What can we learn from a health research study of over a million UK women? The Million Women Study has been following women’s health since 1996 - an early focus was breast cancer risk in women taking hormone replacement therapy, and now we study a wide range of conditions including heart disease, osteoporosis and dementia. Professor Green will describe some key findings and discuss the ethical and practical issues of running a study over many decades.
[Click on the link to see a copy of the presentation which accompanied this talk - NB. this presentation is for Ealing U3A members personal use only, and should not be circulated further or re-used in any way]

  • Thur 4 June - My time in Uganda with Yvonne Hughes, Ealing U3A Member

In September 1998 Yvonne was appointed by Voluntary Service Overseas to work on a humanitarian mission with the Tororo branch of the Uganda Red Cross. This was for a 2 year posting, working alongside the local Red Cross, teaching health, nutrition and first aid and recruiting. After the programme went belly-up, Yvonne created a programme and secured funding for Teaching and training local village women in health issues, which they identified and wanted to address.

  • Thur 18 June - Why do we Punish? Young People, Crime and the Media with Prof Lez Henry, School of Human and Social Sciences, University of West London

“If trial and punishment are a measure of social attitudes, then that old adage about the English hating their children seems to be true; we'd rather criminalise them and lock them up than deal with their problems.” Blake Morrison (2009)
In line with the above citation, Prof Henry will present a brief history of punishment in Britain and then focus on the way young people are treated within the Criminal Justice System. This is because British social history, from at least the 18th century onwards, identifies the perceptions and behaviour of children and young people as being problematic, which has contributed to the development of legal interventions in the lives of young people. However, Prof Henry will suggest that the media plays a major role in creating ‘moral panics’ that negatively affects how we punish children and young people, resulting in the ‘criminalisation of nuisance behaviour’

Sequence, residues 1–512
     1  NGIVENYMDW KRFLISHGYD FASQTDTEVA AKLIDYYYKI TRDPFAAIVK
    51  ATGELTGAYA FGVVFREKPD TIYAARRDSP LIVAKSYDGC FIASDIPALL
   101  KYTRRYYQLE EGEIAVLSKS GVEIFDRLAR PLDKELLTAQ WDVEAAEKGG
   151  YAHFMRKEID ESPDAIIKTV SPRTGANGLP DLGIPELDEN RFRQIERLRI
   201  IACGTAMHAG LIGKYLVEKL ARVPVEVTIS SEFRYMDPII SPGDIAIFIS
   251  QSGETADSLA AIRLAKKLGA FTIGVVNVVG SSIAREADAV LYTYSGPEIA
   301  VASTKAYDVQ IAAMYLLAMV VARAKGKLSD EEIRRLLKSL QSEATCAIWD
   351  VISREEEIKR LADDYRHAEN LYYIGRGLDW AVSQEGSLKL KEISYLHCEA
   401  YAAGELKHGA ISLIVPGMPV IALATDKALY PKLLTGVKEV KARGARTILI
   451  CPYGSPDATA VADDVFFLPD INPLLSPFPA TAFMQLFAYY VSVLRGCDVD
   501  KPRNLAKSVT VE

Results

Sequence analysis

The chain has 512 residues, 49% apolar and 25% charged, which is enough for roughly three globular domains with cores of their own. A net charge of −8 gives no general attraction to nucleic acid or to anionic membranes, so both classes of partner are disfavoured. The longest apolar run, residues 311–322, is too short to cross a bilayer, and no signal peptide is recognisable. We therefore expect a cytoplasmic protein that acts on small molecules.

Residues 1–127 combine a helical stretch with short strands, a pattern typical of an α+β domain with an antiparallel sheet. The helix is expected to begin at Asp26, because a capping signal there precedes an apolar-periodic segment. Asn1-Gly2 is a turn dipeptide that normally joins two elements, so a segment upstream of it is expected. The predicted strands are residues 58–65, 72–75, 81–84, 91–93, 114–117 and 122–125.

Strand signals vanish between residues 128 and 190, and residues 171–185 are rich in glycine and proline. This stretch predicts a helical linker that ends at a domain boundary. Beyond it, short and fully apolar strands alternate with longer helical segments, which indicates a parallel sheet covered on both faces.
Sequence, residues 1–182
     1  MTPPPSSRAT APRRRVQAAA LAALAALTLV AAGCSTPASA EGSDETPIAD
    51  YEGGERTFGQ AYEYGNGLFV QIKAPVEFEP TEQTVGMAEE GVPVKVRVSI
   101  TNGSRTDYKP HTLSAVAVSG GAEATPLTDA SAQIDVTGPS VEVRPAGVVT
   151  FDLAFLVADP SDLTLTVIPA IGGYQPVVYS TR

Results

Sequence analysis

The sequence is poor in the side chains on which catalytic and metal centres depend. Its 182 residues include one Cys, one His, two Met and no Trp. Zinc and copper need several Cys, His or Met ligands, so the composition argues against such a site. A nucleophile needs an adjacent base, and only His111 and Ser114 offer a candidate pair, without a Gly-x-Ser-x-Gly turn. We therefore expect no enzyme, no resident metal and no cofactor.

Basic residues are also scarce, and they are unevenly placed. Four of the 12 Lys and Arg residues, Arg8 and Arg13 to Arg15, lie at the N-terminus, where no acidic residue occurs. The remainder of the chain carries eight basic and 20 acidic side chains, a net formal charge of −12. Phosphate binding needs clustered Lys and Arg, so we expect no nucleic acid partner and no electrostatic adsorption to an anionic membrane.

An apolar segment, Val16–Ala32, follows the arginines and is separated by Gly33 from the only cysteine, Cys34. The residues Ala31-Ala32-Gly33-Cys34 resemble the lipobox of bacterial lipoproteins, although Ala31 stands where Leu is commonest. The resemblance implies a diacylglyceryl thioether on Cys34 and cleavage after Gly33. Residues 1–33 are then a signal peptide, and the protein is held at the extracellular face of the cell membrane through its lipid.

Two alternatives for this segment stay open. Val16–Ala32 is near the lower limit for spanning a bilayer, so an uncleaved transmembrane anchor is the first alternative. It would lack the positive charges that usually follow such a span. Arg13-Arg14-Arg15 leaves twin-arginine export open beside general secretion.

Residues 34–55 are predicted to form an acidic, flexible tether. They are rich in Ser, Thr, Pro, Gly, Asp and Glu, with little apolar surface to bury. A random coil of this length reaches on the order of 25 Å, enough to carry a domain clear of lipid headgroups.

[Click on the link above to see a copy of the presentation for this talk - NB. this presentation is for Ealing U3A members personal use only, and should not be circulated further or re-used in any way]

  • Thur 2 July - John Singer Sargent with Colin Lomas, Ealing U3A member

John Singer Sargent (1856-1925) was an American virtuoso portrait painter who settled in London and painted high society in the late 19th and early 20th century. Alongside portraits he created many other types of art works. Enjoy his story and his artwork
[Click on the link above to see the handout which accompanied this talk - NB. these notes are for Ealing U3A members personal use only, and should not be circulated further or re-used in any way]
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In normal circumstances our Meetings are held weekly, on Thursday mornings in Ealing Green Church (almost opposite Ealing Film Studios).

These Meetings usually start at 10:00am. They begin with announcements and any in-house business. This is followed by the speaker's presentation (from around 10:15am) during which there is a break of approx. 15mins. There is usually time for a Q&A session after the talk and the proceedings finish by 12:00 noon

The committee would like to pay thanks to our two Speaker Organisers, Rosemary Richardson and Yvonne Hughes for the talks they have organised for this year, and we have an excellent selection of speakers to look forward to. If you have any suggestions for talks or possible speakers, please speak to Rosemary or Yvonne at a Thursday meeting, or email the Talks Organiser.

The committee would also like to thank Marie Todman on the fine job she did in arranging the talks for 2019, which we are sure that people would agree were an interesting and stimulating selection.


Photos of our most recent speakers are displayed on this page. Photos of previous speakers are shown on the relevant sub-page